When an annuity is paid to an annuitant, he or she receives a portion of the principal and part of the return it has earned. For federal and state income tax purposes, only the amount attributable to the income generated by the principal, not the principal itself, is considered taxable income. The Internal Revenue Code provides an exclusion ratio to determine the amount of taxable income paid to the annuitant. Special tax rules apply to annuities that are qualified employee retirement plans.
The annuity payments made to the estate of a decedent might be subject to estate and gift tax as an asset of the decedent's gross estate. Federal and state laws governing estate tax must be consulted to determine the liability for such taxes.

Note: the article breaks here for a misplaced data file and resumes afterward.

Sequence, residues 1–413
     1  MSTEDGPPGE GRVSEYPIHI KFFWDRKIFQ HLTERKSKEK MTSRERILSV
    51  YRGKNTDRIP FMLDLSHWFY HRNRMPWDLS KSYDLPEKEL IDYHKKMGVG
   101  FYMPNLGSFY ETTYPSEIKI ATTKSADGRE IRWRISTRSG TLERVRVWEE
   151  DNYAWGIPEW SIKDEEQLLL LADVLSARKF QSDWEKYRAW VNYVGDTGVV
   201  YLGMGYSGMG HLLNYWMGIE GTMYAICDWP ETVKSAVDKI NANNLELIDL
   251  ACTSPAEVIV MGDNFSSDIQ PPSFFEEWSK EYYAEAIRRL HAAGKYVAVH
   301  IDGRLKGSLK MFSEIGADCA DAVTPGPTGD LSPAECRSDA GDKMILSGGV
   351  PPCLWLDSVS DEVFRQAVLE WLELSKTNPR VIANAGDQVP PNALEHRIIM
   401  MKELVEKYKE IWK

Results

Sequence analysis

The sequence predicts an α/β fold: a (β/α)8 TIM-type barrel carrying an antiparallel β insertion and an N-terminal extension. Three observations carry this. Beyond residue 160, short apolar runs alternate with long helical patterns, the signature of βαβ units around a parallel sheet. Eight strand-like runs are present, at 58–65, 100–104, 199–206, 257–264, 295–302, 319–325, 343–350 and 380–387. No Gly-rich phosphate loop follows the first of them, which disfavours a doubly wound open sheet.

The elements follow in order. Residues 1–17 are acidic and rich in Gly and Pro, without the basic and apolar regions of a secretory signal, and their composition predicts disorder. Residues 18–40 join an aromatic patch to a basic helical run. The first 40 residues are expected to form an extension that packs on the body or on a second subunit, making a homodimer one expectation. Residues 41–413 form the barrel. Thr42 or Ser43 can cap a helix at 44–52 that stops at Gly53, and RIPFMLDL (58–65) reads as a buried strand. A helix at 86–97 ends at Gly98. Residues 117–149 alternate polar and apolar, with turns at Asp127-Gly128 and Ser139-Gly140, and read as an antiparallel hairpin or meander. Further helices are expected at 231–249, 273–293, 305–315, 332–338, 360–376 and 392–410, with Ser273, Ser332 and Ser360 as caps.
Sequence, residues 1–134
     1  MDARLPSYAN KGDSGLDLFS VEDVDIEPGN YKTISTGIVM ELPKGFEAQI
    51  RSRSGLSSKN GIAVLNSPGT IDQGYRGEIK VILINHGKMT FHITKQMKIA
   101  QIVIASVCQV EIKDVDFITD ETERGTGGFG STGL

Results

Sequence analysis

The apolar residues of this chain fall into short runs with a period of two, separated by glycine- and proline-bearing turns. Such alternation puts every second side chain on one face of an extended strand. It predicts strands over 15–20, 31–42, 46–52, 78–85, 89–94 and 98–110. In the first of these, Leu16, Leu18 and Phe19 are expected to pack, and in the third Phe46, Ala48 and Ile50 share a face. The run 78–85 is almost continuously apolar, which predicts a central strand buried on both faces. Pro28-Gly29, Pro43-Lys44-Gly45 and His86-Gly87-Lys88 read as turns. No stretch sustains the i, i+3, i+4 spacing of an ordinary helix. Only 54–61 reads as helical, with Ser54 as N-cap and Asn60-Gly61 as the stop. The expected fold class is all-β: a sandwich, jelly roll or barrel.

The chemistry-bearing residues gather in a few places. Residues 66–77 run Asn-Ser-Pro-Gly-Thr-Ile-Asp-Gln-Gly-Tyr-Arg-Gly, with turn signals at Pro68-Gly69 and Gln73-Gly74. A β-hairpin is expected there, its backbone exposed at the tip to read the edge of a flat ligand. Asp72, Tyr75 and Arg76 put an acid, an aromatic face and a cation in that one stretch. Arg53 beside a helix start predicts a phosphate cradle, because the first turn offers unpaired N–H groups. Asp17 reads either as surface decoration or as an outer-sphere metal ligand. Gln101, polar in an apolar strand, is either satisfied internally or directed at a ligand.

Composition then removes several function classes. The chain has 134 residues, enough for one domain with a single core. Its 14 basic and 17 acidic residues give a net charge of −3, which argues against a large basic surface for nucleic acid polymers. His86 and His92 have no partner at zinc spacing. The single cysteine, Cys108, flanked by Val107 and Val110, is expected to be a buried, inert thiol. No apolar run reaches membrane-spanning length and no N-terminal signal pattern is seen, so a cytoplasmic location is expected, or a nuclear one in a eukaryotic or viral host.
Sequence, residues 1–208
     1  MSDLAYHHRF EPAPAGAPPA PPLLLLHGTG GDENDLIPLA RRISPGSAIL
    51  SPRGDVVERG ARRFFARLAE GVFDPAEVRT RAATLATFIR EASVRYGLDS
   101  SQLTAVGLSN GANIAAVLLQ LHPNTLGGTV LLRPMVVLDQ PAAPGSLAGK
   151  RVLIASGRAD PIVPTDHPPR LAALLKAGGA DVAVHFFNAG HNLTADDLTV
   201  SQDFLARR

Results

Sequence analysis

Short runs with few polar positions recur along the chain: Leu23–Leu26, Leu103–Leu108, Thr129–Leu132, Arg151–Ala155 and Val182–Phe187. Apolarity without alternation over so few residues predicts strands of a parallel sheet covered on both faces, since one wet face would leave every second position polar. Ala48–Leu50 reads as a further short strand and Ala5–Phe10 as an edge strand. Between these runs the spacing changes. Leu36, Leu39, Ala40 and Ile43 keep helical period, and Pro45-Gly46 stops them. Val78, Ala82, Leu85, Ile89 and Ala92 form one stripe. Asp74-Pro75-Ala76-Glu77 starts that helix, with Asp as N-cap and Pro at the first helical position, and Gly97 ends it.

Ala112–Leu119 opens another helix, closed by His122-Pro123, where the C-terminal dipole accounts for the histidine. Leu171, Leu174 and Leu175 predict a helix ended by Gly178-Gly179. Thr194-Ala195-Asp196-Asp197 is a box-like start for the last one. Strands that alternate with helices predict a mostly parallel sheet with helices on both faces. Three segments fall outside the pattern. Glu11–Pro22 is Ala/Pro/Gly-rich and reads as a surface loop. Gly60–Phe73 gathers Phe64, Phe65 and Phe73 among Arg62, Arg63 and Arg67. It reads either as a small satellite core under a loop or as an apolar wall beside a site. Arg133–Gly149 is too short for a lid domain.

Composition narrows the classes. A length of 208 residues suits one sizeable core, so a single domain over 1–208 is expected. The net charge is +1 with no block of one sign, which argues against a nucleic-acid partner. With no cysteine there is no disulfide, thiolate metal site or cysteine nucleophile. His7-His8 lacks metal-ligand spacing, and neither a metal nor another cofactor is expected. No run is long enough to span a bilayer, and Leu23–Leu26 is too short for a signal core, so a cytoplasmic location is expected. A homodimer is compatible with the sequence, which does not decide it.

n. 1) an annual sum paid from a policy or gift. 2) short for a purchased annuity policy which will pay dividends to the owner regularly for years or for life.
Associated concepts: annuity by a trust, annuity by will, annuity contract, annuity policy, antenuptial annuity, life innurance annuity, verifiable annuity
Foreign phrases: Annua nec debitum judex non separat ipsum.A judge does not divide annuities nor debt. See also: allotment. pension. perquisite
ANNUITY, contracts. An annuity is a, yearly sum of money granted by one party to another in fee for life or years, charging the person of the grantor only. Co. Litt. 144; 1 Lilly's Reg. 89; 2 Bl. Com. 40; 5 M. R. 312; Lumley on
Annuities. 1; 2 Inst. 293; Davies' Rep. 14, 15.
2. In a less technical sense, however, when the money is chargeable on land and on the person, it is generally called an annuity. Doet. and Stud Dial. 2, 230; Roll. Ab. 226. See 10 Watts, 127.
3. An annuity is different from a rent charge, with which it is frequently confounded, in this; a rent charge is a burden imposed upon and issuing out of lands, whereas an annuity is chargeable only upon the person of the grantee. Bac. Abr. Annuity, A. See, for many, regulations in England relating to annuities, the Stat. 17 Geo. III. c. 26.